-Listen to Getting things done episode 

  • Steve: How do nutrition, training and recovery need to changed after the age of 50?

Athletes and Anxiety – Kathy Herzog

Kathy Herzog Psy.D.; Licensed Psychologist in Massachusetts who discusses anxiety and athletes with us on this episode.
talking athletes and anxiety with kathy herzog
Please consider supporting it by:
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TOPICS AND LINKS FROM TODAYS SHOW:

  • anxiety and athletes—how it can manifest

  • how we can recognize it early

  • how real life can impact our workout/training lives,

  • actionable steps to take when we’re feeling out of control (cognitive behavior therapy). How can we best tell a therapist what we need if we seek more help?

  • when sport / training becomes more of an escape/addiction.

A few extra notes from Katherine E. Herzog, Psy.D.; Licensed Psychologist:

1) Getting Rid of Anxiety
“One of the most common, but mis-guided things I hear from people suffering from anxiety is that they want to get rid of it. It’s an understandable reaction to something that is uncomfortable, and sometimes debilitating. However, I always counsel people that rather than trying to rid oneself of anxiety (which is pretty impossible anyway), one’s time is more fruitfully spent on accepting it (here’s that acceptance thing again). So, telling one’s self when you feel butterflies in your stomach, or other bodily sensations that herald anxiety, “this is exactly how I should feel,” or “this is going exactly the way it should.” Just as one expects to feel out of breath or have complaining legs during a demanding effort, one should meet anxiety as part of the normal course of our experiences in both training and at races or competitions.”
2) Regarding stress and anxiety-  (see Peter’s 80% is a passing Grade for more)
As we discussed, there is a lot of overlap in regards to how these feel. However, I will reiterate that stressors are usually coming to us from the outside. Just as we need to stress the body (carefully and strategically) in order to make gains in regards to fitness, successfully managing emotional stressors can cause us to be more resilient and mentally tough out on the road or the field. Over the past 5 years of doing my own training, I have come to value trying to be cognitively flexible in the face of stressors– trying to allow one’s self to take different perspectives on whatever one is bothered by. For example, I am a bit of a rigid perfectionist when it comes to carrying out each workout just as it was written, and I tend to plan ahead. So, I often will plan a particular running or riding workout for a route I have in mind days in advance…but sometimes completing a workout this way is not possible…the road is closed, my schedule had unexpected changes in it, etc. I find this sort of thing extremely stressful, and it can threaten to wreck my motivation to get any exercise at all– so I have been learning to be more flexible about this sort of thing– most of the time I get to do things as planned, but if I don’t, the world has not ended. Managing stress is often about teaching one’s self to be flexible and to be able to take radically different perspectives if needed.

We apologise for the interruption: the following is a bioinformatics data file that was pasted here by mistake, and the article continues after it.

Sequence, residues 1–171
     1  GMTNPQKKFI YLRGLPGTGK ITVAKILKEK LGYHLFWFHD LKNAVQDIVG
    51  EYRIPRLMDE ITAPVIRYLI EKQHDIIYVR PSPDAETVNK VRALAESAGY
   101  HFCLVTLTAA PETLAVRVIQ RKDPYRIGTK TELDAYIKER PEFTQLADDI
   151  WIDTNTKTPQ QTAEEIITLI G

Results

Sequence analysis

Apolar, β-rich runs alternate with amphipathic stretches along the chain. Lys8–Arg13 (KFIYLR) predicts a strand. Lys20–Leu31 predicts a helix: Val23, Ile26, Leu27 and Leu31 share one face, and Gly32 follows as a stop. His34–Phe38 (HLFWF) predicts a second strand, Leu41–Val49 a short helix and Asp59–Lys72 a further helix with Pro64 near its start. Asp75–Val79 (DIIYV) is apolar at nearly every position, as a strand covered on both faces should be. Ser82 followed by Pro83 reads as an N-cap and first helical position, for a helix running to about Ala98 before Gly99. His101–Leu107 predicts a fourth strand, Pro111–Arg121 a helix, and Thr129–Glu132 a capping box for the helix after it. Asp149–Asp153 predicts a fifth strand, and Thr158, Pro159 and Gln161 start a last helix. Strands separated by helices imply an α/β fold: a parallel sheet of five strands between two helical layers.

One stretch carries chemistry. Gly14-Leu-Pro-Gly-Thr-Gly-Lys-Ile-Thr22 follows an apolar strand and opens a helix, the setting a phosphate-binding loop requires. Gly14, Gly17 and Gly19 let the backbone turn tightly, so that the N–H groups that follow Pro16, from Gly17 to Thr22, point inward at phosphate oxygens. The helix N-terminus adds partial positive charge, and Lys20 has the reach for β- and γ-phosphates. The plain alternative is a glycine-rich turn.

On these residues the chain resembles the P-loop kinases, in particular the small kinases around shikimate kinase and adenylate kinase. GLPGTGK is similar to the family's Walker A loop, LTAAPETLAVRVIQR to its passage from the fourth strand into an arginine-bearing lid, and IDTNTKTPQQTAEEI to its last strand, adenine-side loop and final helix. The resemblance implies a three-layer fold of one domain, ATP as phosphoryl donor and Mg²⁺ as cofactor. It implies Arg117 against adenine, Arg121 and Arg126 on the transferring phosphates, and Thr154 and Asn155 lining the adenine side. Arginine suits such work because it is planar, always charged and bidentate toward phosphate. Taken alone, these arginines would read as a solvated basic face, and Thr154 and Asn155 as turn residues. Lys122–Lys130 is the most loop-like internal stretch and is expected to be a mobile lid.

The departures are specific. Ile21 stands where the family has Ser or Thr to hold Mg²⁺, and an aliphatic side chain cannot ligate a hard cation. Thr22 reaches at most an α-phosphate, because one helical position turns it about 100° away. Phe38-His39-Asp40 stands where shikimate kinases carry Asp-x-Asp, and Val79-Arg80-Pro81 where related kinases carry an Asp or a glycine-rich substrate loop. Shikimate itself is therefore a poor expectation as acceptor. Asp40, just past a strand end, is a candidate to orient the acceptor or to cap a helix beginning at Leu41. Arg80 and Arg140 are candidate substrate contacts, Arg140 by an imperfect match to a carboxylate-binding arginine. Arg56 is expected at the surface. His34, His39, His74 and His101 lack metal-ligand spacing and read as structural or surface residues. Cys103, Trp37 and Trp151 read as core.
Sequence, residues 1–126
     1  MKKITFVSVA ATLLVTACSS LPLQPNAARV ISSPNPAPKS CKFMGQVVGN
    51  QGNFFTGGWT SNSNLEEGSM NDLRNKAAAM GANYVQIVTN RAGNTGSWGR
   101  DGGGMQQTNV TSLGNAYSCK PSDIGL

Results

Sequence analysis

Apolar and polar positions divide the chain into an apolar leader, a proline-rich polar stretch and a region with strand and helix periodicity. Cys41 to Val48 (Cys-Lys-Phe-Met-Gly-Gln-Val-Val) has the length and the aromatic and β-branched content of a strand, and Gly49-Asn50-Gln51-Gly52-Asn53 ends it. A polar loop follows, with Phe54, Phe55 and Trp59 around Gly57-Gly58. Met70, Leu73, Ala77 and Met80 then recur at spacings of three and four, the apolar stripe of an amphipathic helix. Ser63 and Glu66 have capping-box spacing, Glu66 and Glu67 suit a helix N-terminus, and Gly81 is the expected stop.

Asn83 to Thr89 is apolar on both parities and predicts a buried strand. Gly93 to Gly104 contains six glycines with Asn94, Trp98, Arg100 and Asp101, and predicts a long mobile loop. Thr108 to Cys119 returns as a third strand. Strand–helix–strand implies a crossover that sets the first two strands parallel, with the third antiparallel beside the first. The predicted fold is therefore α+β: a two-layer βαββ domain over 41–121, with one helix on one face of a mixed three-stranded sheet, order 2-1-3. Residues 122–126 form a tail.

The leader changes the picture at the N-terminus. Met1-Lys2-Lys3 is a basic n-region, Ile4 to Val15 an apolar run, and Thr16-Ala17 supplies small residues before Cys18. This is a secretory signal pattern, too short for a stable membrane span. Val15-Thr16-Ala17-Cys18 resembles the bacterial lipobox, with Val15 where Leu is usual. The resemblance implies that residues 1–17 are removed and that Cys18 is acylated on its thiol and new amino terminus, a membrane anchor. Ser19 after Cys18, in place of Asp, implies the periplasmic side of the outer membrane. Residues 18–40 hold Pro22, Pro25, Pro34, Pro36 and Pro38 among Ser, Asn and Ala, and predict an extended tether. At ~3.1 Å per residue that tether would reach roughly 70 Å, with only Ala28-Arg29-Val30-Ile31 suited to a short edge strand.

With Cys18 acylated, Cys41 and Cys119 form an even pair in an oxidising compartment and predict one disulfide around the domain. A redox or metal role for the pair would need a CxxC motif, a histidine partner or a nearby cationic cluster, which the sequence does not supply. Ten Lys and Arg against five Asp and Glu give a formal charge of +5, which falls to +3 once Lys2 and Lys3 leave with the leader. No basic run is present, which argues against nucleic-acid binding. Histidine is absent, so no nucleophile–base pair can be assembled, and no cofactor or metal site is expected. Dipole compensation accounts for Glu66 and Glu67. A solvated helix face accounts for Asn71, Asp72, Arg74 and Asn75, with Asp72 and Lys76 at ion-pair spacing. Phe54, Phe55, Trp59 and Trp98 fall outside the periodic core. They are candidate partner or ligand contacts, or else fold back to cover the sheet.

3) Are you willing to Vs. Do you want to
Something we did not get to was the concept of willingness and how important this is when considering anxiety. As athletes, I think we can all agree there are lots of things we don’t necessarily want to do (I find lifting weights really dull, for instance, but know it is an important part of my training plan). A key question to ask one’s self might be “you don’t want to, but are you willing to?” Learning the difference between the desire and want to do something (it’s fun, I like it, it makes me feel good) and the willingness to do something is important in regards to managing avoidant behaviors, which are a common result of experiencing anxiety. Also, don’t confuse willingness with trying. Willingness is jumping (as high and hard as you can) with both feet and not knowing exactly where that will take you (a bit of a risk); whereas trying is much more tentative, and less scary. I will again use my own experience as an example: I find testing to be something I rather dread, but know it is important in terms of helping my coach determine my fitness and training needs. So, do I want to do testing on the bike (no), but am I willing to do it (absolutely yes). It’s good to consciously differentiate these things so that when we are confronted with parts of our lives in sport that we would rather avoid, we can manage those feelings without avoidance and with more honesty with ourselves.